Diamond jewelry sales in the U.S. grew by 6%

Retail sales of diamond jewelry increased by 6.1% in the U.S. in 2003, according to the Diamond Information Center at J. Walter Thompson. Despite economic uncertainty and the gulf war, Americans continued to express their love by giving diamonds. U.S. diamond jewelry retail value–representing over 50% of world sales–totaled $29.1 billion last year, a $1.7 billion increase over 2002 sales of $27.4 billion. Transactions grew by 5% over 2002 and average ticket price showed 1% growth.

“The diamond jewelry industry has become increasingly focused on strong product ideas and effective marketing,” said Richard Lennox, director-in charge of the Diamond Marketing and Advertising Group at J. Walter Thompson. “At every level of the marketplace, retailers and manufacturers offered concepts with emotional appeal, such as three-stone diamond jewelry to celebrate your past, present and future. Our group is dedicated to understanding consumer desires — how diamonds can help people express their deepest feelings. We share that learning with the industry continuously so they can provide products and messages that touch the heart of the consumer.”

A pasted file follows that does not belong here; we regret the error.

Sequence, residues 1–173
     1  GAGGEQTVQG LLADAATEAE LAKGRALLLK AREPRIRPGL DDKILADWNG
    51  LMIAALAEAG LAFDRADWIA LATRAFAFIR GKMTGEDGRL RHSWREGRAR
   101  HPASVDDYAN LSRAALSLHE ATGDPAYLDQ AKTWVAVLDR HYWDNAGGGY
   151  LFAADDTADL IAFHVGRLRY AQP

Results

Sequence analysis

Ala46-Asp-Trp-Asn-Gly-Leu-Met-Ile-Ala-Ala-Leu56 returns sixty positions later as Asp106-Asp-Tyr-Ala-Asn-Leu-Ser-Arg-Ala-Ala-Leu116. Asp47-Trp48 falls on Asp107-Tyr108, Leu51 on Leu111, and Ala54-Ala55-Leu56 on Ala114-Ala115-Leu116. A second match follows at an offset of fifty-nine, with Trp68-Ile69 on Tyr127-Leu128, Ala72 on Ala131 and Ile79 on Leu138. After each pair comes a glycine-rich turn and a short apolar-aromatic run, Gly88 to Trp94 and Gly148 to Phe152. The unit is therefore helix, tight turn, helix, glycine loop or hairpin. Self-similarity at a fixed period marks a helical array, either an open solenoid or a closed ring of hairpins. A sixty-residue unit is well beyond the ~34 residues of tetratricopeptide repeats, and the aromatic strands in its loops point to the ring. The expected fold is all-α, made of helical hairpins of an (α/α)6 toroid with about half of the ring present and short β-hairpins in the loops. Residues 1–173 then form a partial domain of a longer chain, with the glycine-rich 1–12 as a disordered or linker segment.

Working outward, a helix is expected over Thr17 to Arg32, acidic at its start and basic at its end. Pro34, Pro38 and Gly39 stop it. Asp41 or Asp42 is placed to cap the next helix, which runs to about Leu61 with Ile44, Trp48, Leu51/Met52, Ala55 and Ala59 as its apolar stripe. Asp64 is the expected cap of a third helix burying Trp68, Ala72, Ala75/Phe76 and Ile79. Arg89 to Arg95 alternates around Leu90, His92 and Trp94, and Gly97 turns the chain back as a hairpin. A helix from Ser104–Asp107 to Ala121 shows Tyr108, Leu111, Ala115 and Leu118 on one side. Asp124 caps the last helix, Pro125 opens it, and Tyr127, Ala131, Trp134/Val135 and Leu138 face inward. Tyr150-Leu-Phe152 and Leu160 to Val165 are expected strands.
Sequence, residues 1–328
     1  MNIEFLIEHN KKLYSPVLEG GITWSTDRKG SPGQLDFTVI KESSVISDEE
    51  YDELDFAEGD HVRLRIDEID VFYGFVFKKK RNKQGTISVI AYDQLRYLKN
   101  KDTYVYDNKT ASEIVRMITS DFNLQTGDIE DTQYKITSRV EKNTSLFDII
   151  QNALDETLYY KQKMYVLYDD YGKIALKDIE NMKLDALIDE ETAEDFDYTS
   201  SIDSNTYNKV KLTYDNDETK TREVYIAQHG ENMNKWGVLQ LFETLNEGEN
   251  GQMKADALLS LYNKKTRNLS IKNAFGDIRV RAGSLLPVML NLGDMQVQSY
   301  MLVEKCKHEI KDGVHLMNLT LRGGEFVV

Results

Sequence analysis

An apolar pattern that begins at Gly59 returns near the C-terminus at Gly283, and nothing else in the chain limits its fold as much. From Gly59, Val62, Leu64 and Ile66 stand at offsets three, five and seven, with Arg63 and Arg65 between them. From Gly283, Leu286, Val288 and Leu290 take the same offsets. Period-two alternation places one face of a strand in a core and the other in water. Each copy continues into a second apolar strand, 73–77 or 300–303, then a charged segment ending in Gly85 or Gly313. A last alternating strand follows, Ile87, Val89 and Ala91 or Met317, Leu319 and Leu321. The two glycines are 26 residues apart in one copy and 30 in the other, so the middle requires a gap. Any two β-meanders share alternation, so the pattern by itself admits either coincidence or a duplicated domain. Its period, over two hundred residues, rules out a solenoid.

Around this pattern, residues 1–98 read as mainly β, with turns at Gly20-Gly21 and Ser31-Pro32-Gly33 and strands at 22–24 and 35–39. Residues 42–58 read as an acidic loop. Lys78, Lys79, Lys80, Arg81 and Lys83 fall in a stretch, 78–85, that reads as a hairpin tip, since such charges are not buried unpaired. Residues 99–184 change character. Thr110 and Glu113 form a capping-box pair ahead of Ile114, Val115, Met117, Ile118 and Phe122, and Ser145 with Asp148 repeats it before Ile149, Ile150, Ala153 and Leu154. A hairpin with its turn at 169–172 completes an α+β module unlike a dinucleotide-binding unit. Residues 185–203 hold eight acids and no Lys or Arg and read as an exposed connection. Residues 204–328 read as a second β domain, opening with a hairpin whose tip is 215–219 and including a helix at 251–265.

Three-stone diamond jewelry was a key driver of success in 2003. Over the past three years, three-stone diamond jewelry has become a $3 billion market segment. Three-stone pieces grew by 57% in 2003 on top of a whopping 74% growth in 2002.

In 2003, diamond engagement rings reached their highest average price at $2,500. This cultural imperative was acquired by 83% of U.S. brides last year, producing a total retail value of $4.3 billion, 1% higher than 2002.

In addition to traditional pieces and newer favorites, the 2003 diamond jewelry market was sparked by the arrival of Diamond Right Hand Rings. While it’s too early for sales results, this launch has already created a tremendous buzz on national television programs. Print ads from J. Walter Thompson encouraged women to “Raise Your Right Hand” in a gesture of sparkling self-expression. The message has struck a chord with consumers, with 65% of women surveyed agreeing that a diamond right hand ring is a good way to express individuality.